First, Prayer with thanksgiving is mentioned at the outset as a special part of religious worship. God requires this of all men. To be acceptable, prayer must be offered in the name of the Son, by the help of the Spirit, and in accordance with the will of God. This gives the medium, the helper, and the rule of prayer. In the name of Christ, by the aid of the Spirit, and according to the revealed will of God is prayer to be made. Prayer is further to be offered with understanding, and in a spirit of reverence and humility. Moreover, it should be marked by fervency, faith, love and perseverance, in order to be true religious worship, and so be acceptable to God. Prayer may be either silent communion or vocal utterance. When vocal the Confession says that it should be in a known tongue.

Prayer is to be made for things lawful, and for all sorts of men living, or that shall live hereafter; but prayer is not to be offered for the dead. This, again, is a warning against the evil practices of Rome. Nor is prayer to be offered for those of whom it may be known that they have sinned the sin unto death. This statement must, of course, be taken with care, and no hasty judgment acted on as to whether any given man has been guilty of this dreadful sin.

Secondly, The reading of the Scriptures is another important part of religious worship. This includes not only the public reading, but also the sound preaching, and the conscionable hearing of the word by the people. This reading of the Scriptures, and the proper preaching and hearing of the word, is to be marked by obedience to God, and with understanding, faith, and reverence. This is regarded as very important, and the Presbyterian Church can only be true to her Standards and her history when she gives a large place to the reading, exposition and preaching of the word in her religious services.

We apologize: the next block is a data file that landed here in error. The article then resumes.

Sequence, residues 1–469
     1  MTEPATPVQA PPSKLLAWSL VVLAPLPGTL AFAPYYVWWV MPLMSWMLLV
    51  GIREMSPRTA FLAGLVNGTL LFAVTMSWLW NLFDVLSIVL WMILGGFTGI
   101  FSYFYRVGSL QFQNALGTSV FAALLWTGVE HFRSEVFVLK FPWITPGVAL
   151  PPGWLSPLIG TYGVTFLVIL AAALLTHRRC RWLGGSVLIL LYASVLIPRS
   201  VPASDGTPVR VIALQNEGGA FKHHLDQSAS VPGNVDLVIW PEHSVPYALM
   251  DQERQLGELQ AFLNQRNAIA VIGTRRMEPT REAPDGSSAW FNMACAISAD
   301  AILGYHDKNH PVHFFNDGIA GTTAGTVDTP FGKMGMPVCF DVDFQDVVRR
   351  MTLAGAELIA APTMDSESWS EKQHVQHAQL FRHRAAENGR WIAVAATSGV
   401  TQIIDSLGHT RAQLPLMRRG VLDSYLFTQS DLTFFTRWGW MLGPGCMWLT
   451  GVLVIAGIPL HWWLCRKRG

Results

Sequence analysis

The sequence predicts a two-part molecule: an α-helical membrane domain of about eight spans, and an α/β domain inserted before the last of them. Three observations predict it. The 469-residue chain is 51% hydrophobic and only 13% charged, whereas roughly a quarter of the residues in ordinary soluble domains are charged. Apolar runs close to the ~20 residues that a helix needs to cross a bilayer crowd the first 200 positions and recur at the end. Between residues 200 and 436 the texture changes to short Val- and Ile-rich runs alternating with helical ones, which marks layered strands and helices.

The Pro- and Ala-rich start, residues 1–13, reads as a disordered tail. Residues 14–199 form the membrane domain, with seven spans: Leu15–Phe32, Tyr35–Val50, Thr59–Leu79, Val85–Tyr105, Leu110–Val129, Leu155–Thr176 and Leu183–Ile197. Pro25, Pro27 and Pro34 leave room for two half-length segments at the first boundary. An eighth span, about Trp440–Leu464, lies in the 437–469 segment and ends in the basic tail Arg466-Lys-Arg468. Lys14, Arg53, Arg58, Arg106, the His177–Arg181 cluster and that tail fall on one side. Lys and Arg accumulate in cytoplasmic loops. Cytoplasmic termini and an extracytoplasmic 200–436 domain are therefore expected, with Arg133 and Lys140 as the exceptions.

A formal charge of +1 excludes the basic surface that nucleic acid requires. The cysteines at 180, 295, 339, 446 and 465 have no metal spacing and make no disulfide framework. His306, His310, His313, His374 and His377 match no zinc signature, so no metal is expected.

Thirdly, Some other parts of worship need only be mentioned. Praise, in the form of singing of psalms with grace in the heart, is to have a place in worship. It is curious to note the fact that hymns are not mentioned by name at this point; but doubtless the scriptural terms, "psalms, hymns, and spiritual songs," are properly included under the word psalms in the Standards. Still, it is well to give the psalms in some form a prominent place in the service of praise in public worship. The due administration and worthy receiving of the sacraments instituted by Christ are also parts of worship. Hence, they are to be regarded as important and solemn parts of the ordinary religious worship of God. No exposition of the sacraments is now made, as they will come up later on for full explanation. The fact that they are acts of worship is what is now emphasized. As special acts of worship several things are noted in the Standards. Religious oaths and vows, solemn fastings and special thanksgivings, are in their several times and seasons to be used in a holy and religious manner.